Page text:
There’s an interesting piece here on the Syrian Druze ( still Assad-leaning, out of fear of something worse) which reminded me of an AJ Liebling essay on the politics of Louisiana, circa 1959. Extract:
Louisiana politics is of an intensity and complexity that are matched, in my experience, only by those in the Republic of Lebanon. The balance between the Catholics in southern Louisiana and the Protestants in Northern Louisiana is as delicate as that between the Moslems and the Christians in Lebanon and is respected by the same convention of balanced tickets. In Louisiana there is a substantial Negro vote of 150,000 that no candidate can afford either to discourage privately or solicit publicly. In the sister Arab republic, Moslem and Christian candidates alike need the Druze vote, although whoever gets it is suspected of revolutionary designs.
Apparently, the Shia weren’t a factor at the time when he was in Lebanon. This is from an essay length extract in the compilation Just Enough Liebling, which in turn is taken from his last book Earl of Louisiana, itself concerning the kingdom of Earl Long, brother and successor of the more famous Huey.
It deals with one of the less well recorded incidents in the history of the civil rights movement in the USA, namely the time when Earl got up on the floor of the Louisiana legislature and delivered a blistering anti-segregationist tirade. He was responding to an attempt by the local racist caucus to tighten up the appliance of the Jim Crow electoral laws in order to remove the local Druze as a factor in politics. The speech wasn’t exactly delivered with the anthologies in mind – ‘you got to recognize that niggers is human beings’ – but the response of the local Democratic establishment, led by Earl’s wife Blanche, was nonetheless revealing: they had him put in an asylum and drugged him silly.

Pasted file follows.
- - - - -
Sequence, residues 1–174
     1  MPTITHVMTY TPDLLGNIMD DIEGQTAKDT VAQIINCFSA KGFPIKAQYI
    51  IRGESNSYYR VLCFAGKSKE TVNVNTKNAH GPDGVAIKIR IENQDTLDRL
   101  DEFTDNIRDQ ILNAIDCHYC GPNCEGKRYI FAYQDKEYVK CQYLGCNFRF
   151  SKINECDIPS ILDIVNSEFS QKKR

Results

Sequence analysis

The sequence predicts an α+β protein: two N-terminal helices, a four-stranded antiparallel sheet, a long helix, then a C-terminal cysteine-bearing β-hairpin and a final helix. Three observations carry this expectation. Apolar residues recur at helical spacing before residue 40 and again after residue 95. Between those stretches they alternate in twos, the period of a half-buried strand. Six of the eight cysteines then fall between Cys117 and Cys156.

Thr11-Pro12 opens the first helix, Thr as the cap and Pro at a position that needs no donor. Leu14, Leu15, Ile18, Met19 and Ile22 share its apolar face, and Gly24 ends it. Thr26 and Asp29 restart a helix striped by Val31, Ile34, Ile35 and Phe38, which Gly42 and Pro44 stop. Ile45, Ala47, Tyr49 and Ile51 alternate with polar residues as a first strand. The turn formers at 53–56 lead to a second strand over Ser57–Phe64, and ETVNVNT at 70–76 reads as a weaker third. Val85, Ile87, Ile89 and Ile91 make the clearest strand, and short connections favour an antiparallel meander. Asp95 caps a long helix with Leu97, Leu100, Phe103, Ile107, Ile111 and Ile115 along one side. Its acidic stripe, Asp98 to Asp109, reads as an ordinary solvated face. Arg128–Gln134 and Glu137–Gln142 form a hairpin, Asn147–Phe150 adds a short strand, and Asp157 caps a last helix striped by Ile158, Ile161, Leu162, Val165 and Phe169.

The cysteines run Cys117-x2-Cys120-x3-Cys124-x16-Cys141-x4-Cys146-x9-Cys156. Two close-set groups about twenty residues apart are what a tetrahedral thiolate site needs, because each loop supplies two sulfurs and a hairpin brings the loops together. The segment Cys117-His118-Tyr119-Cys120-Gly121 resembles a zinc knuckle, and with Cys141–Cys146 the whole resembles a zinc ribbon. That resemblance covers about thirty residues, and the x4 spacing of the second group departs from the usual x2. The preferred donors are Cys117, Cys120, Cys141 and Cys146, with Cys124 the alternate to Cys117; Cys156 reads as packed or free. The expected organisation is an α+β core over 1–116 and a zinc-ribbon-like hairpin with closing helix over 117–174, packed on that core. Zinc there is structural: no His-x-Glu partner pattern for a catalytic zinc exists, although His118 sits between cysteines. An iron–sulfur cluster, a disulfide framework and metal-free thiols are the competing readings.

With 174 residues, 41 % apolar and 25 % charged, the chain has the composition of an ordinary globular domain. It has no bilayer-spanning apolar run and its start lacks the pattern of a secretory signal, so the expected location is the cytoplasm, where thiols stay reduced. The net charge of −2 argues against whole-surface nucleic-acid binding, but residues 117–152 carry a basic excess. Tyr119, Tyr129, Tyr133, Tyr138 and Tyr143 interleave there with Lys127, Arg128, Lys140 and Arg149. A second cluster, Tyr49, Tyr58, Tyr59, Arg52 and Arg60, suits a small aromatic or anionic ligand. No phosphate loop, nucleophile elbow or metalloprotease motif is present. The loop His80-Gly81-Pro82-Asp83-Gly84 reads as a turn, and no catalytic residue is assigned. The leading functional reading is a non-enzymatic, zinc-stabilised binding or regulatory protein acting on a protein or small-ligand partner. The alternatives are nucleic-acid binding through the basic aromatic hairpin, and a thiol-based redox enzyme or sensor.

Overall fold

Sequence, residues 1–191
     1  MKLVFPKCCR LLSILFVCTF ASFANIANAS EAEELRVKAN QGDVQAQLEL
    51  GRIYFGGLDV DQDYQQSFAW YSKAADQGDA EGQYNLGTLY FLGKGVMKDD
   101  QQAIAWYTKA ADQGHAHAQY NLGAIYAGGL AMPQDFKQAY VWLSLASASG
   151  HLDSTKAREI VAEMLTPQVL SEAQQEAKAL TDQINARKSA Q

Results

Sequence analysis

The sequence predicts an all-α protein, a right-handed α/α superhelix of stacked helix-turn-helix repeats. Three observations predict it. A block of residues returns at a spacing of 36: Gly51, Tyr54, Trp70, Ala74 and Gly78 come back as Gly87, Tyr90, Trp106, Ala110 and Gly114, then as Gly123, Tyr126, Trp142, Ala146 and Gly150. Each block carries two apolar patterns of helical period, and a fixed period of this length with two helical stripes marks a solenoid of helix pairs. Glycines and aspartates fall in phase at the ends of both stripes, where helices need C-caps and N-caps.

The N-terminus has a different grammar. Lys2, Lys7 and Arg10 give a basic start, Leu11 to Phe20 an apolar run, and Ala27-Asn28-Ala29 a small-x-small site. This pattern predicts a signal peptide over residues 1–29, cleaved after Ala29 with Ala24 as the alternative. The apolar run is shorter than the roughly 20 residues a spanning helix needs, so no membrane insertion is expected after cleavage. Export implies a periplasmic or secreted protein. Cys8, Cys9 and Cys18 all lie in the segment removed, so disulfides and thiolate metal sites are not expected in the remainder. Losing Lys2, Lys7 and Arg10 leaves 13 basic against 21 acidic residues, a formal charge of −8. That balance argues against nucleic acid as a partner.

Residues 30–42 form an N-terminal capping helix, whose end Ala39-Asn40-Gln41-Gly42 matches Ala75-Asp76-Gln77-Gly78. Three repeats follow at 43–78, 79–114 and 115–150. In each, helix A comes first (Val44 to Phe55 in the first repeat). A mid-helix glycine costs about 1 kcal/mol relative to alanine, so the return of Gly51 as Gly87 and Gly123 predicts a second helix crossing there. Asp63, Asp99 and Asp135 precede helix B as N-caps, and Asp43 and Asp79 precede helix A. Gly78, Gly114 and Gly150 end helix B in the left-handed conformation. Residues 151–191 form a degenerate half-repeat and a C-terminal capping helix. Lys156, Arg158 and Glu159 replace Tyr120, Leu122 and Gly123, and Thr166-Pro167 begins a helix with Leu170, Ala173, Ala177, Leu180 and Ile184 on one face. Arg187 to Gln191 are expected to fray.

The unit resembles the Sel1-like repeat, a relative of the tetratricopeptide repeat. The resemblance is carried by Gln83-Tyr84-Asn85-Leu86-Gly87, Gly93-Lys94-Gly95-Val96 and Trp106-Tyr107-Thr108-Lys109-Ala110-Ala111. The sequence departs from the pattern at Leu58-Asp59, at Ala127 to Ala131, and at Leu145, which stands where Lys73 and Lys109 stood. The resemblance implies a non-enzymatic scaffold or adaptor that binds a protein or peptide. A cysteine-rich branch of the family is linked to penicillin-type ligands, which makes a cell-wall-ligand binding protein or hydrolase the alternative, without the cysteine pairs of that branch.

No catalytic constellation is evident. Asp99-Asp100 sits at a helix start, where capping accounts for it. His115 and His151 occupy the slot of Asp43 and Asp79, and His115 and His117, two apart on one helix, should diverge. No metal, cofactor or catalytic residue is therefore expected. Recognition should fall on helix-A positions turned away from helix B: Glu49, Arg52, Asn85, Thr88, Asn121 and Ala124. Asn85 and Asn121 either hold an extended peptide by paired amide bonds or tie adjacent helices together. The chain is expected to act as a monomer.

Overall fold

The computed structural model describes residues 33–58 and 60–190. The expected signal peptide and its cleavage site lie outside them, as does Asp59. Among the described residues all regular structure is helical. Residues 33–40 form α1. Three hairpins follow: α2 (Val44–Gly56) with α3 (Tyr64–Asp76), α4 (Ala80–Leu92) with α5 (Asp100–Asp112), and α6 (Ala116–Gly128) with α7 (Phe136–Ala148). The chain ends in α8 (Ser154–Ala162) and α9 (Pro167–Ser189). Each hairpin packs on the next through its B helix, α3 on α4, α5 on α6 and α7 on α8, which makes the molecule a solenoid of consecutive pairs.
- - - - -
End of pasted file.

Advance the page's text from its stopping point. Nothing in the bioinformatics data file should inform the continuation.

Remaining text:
What they forgot to do was have him declared non-compos mentis. Soon, a posse of loyal henchmen sniffed out Earl’s location and guarded him until he sobered up. Then he blasted his way out of the bughouse through the splendid tactic of sacking anyone who came near him with medical intent.
It was his last exploit. Earl died in 1960, shortly after his term as Governor expired. And shortly before that, he had Liebling over for dinner with some cronies.
“Fellas like Faubus and Reinach and Leander Perez and the rest of the rest of the White Citizens and Southern Gentlemen in this state want to go back behind Lincoln” he said. “And between us, gentlemen, as we sit here among ourselves” he said, arresting a chunk of fried steak in midair and leaning forward to give his statement more impetus “we got to admit that Lincoln was a fine man and that he was right”.
Then, as he turned back to the steak, skewering it against a piece of ham before swallowing both, he caught my look of astonishment and cried, too late, “but don’t quote me on that!”
Here’s a brief clip of Earl’s last stand. And if you haven’t come across any Liebling yet, put him on your list.